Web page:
Buenos Aires - Argentina is a country that got woke and went broke. See: https://miamiindependent.com/argentina-launches-worlds-first-libertarian-president/. At the end of last year, however, they elected libertarian Javier Milei as their new President. He agrees with Milton Friedman, UChicago economist, that: “A society that puts equality before freedom will get neither. A society that puts freedom before equality will get a high degree of both.”
President Milei has pointed out the destructive and envious nature of social justice: “A society that obsesses with equality sooner or later becomes a society of looters and falls apart. That is the story of Argentina. Therefore, the point is that social justice is unjust.” He added: “When you adhere to the idea of social justice, which means the redistribution of income, what you are really doing is using the repressive state apparatus, so that you can take from the successful, to distribute it capriciously according to the wishes of whomever is in power.”
A “society of looters” includes not only outright looters like Black Lives Matter in America, but also rent-seeking businesses looking to obtain favorable regulations and create barriers to entry, as well as labor unions in the private and especially the public sectors, such as the unionized government bureaucrats of the administrative state and public enterprises. However, as Charlie Munger, former chief investment officer of Berkshire Hathaway, has observed: “It’s not greed that drives the world, but envy.” No wonder it is listed as a cardinal sin. Envy is at the root of social justice.
Our flight to Buenos Aires was delayed from departing for six hours, because all the labor unions had declared a nation-wide general strike that day to protest against the policies of President Milei. The Milei administration announced that any state employees who did not work that day would have a day’s wages deducted from their salaries. It doesn’t pay to subsidize delinquency.
There are three major agricultural basins in the world: the American Midwest, the Argentine Pampas and Ukraine. Accordingly, properly governed and cultivated, Argentina should be a prosperous country. Alas, that has not been the case. Instead, Argentina is very much a third-world country, with net disinvestment since abandoning its monetary peg to the United States Dollar in 2001. That peg had been in place during the 1990’s, when Argentina attracted a substantial amount of investment. All that investment and more has flowed out since then. Argentina has many genteel buildings, but almost all the buildings are shabby and run down.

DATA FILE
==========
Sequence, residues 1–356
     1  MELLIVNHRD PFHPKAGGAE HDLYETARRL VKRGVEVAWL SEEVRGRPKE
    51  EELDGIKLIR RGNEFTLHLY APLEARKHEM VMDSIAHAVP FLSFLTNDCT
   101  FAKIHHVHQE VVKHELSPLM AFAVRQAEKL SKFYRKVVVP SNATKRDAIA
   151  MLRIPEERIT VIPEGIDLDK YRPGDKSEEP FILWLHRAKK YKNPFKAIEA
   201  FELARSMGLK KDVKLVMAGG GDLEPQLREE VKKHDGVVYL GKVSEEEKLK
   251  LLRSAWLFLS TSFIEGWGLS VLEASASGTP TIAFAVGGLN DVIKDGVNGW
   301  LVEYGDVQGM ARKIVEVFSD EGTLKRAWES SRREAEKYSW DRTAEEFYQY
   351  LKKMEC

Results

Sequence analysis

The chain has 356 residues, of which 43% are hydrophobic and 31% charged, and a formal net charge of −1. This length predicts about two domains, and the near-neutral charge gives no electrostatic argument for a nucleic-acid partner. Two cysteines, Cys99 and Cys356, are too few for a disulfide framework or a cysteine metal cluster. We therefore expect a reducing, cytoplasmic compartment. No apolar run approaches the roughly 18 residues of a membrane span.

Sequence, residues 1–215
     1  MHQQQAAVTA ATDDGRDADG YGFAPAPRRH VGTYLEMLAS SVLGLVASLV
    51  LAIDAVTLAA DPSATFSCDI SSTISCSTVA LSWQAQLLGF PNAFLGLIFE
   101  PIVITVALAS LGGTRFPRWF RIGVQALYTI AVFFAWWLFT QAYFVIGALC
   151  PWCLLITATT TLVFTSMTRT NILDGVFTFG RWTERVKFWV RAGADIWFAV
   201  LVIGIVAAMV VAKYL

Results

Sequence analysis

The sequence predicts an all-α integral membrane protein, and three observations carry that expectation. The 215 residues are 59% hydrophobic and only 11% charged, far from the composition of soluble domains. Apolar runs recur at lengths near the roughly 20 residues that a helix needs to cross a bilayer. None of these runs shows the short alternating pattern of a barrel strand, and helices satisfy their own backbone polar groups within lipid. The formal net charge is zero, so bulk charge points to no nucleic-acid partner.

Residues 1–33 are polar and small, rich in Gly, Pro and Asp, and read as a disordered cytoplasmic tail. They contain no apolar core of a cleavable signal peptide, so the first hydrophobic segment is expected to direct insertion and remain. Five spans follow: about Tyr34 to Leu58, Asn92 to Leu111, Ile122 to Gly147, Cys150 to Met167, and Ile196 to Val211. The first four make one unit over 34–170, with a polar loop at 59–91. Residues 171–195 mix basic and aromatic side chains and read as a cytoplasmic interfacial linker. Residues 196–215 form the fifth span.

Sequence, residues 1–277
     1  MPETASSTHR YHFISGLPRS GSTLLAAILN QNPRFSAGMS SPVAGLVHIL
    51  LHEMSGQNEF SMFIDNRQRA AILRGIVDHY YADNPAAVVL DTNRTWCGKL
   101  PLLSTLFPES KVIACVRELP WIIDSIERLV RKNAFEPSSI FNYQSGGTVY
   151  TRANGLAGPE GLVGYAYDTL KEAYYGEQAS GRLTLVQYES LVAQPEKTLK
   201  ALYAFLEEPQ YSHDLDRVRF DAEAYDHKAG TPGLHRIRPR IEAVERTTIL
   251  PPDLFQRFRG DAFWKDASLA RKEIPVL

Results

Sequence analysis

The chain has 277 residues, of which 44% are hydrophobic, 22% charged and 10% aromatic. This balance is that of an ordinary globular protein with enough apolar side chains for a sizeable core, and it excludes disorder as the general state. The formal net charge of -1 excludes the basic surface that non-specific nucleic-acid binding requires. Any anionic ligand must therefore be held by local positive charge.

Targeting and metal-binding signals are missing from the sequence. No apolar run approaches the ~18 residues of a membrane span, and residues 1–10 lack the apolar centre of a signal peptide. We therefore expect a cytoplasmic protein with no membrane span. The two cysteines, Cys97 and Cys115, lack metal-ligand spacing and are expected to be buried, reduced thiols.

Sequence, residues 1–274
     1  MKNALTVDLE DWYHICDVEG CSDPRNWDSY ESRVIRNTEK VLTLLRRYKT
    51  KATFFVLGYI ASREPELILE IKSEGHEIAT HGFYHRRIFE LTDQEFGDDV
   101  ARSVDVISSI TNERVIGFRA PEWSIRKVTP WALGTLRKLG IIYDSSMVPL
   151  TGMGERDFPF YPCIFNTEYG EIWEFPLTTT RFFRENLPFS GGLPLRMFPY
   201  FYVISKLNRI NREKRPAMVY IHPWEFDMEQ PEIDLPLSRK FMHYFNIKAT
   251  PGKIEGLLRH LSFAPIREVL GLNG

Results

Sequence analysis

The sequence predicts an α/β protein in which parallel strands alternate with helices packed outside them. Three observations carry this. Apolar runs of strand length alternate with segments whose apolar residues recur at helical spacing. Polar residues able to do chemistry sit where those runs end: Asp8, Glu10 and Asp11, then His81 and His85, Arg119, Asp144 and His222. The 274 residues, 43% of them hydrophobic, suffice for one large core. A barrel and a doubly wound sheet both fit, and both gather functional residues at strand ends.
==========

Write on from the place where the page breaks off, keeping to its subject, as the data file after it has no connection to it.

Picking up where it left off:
This unhinged monetary policy was compounded by the lawlessness of its government, such as when President Cristina Kirchner confiscated all private pension accounts in 2008, and turned all pensioners into creditors of the government. This occurred the week after the International Bar Association had held its annual convention in Buenos Aires, promoting the importance of the rule of law for economic development. As a result, investors have fled Argentina.
For example, in 2018 Walmart left the country. It sold its approximately 90 stores, including 13 in the metropolitan Buenos Aires area, to a local operator for a nominal price. Walmart took an accounting charge of over one billion United States Dollars. It is estimated that eight percent of all investors in real estate in the United States are from Argentina, and the founders of all Argentine unicorns (startup companies that reached a value of at least one billion United States Dollars) have left the country.